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Banks working on digitising locker agreements 

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With the September 30 deadline of getting the signature of least 50 per cent of their locker holders on a revised agreement looming, banks are internally working on a process to get the agreements signed digitally.

According to highly placed sources, individually banks may not have obtained signatures of even 30 per cent of existing locker holders for the revised locker agreements. Collectively for the banking system, the adoption of these new agreements for existing customers is estimated to be much less.

New pacts

To expedite the process, banks are exploring whether the new agreements could be signed digitally.

Aadhaar-enabled signature verification, email confirmation and confirmation through SMS are some of the possibilities that banks are exploring.

“We have communicated our plans to pursue the revised locker agreements through digital consent mode and the regulator is okay with this in priciple,” said a senior executive of a private bank.

Banks are now working on the best possible modes of obtaining consent and signatures of locker customers digitally.

“Back-end systems are being put in place to find out how best we can do this digitally.

“In a week or two, forms or processes involved in obtaining the signatures digitally will be rolled out,” said a CEO of a public sector bank.

A few weeks back, India’s largest bank, State Bank of India, said it is working on digitising the revised locker agreements.

Private sector banks, especially those which have come up in the last 20 years, may find the process of digitising the signatures or finding an alternative to get the locker customers physically sign the revised agreement less cumbersome.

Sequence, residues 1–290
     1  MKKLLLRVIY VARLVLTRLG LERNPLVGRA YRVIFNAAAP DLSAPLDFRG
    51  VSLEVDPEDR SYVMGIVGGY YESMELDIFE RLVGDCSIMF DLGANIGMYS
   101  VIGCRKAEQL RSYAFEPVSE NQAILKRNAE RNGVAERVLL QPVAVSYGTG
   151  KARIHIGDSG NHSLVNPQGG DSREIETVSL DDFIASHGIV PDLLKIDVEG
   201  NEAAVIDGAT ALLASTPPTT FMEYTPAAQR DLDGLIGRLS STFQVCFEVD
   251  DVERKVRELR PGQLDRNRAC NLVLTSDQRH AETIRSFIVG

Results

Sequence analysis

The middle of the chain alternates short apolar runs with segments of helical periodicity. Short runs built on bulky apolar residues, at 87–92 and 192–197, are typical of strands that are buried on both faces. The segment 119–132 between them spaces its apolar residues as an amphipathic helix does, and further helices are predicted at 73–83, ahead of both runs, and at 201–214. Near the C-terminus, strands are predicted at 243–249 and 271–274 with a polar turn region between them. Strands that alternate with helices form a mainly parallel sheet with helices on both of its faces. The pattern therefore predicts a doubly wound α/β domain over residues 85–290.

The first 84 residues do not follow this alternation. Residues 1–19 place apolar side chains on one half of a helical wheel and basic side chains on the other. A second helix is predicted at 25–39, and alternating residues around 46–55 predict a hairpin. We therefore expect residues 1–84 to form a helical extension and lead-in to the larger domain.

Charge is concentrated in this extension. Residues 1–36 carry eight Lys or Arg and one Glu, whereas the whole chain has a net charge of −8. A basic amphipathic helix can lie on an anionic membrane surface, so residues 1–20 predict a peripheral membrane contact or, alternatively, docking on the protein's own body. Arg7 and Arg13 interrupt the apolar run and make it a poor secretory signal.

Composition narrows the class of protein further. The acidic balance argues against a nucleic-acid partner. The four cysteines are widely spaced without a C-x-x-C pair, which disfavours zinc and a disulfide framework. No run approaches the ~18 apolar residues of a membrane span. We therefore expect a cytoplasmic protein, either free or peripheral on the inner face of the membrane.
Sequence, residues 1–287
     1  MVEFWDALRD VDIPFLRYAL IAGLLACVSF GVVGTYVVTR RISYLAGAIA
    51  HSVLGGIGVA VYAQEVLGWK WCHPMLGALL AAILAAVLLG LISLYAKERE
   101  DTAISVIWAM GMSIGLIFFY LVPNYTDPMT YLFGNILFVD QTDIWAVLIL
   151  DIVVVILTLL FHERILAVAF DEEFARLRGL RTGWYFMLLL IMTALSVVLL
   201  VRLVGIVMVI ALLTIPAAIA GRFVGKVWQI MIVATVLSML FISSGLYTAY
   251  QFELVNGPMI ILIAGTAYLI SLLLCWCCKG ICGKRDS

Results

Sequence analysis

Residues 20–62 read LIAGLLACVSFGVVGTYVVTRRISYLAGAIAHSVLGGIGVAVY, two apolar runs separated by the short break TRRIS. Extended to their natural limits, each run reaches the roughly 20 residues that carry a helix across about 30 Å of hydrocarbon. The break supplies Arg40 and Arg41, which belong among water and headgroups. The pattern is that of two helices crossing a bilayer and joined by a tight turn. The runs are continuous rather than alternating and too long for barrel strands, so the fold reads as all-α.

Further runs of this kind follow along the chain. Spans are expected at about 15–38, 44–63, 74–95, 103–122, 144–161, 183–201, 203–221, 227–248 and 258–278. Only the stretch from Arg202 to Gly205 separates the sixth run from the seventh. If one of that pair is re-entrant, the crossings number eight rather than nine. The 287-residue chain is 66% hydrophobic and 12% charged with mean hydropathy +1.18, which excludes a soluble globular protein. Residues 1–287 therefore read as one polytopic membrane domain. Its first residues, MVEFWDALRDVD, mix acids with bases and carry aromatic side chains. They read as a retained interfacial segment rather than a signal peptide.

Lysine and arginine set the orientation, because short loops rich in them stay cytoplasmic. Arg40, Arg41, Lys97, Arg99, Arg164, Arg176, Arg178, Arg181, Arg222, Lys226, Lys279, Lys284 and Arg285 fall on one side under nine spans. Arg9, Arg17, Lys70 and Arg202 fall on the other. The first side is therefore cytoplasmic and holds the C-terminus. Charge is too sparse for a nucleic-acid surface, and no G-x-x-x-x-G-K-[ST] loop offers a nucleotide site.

Challenges

While there is some redundancy with respect to residence and/or email addresses, the traceability of customers is still seen better because in most cases they would have an additional banking relationship apart from just the locker or the related fixed deposit.

“The possibility of contacting and communicating with the customers is quite high,” said CEO of a private bank. The challenge is with public sector banks, where senior citizens would account for more than 50 per cent of operational lockers and they may not be traceable through a mobile number or email address.

“Identification of customers get more challenging as we approach tier 3/4/5 cities,” said a banker aware of the matter.

Pointers

Digitally signing new locker agreements

Banks exploring the possibility of obtaining consent and signature of locker customers for revised agreements

Aadhaar-enabled signature verification, email confirmation and confirmation through SMS are some of possibilities currently explored

New agreements will have to be in place by December 31, 2023.

All existing customers should be notified by April 30, 2023

By June 30 & September 30, 50 per cent and 75 per cent of existing customers should have signed the new agreement



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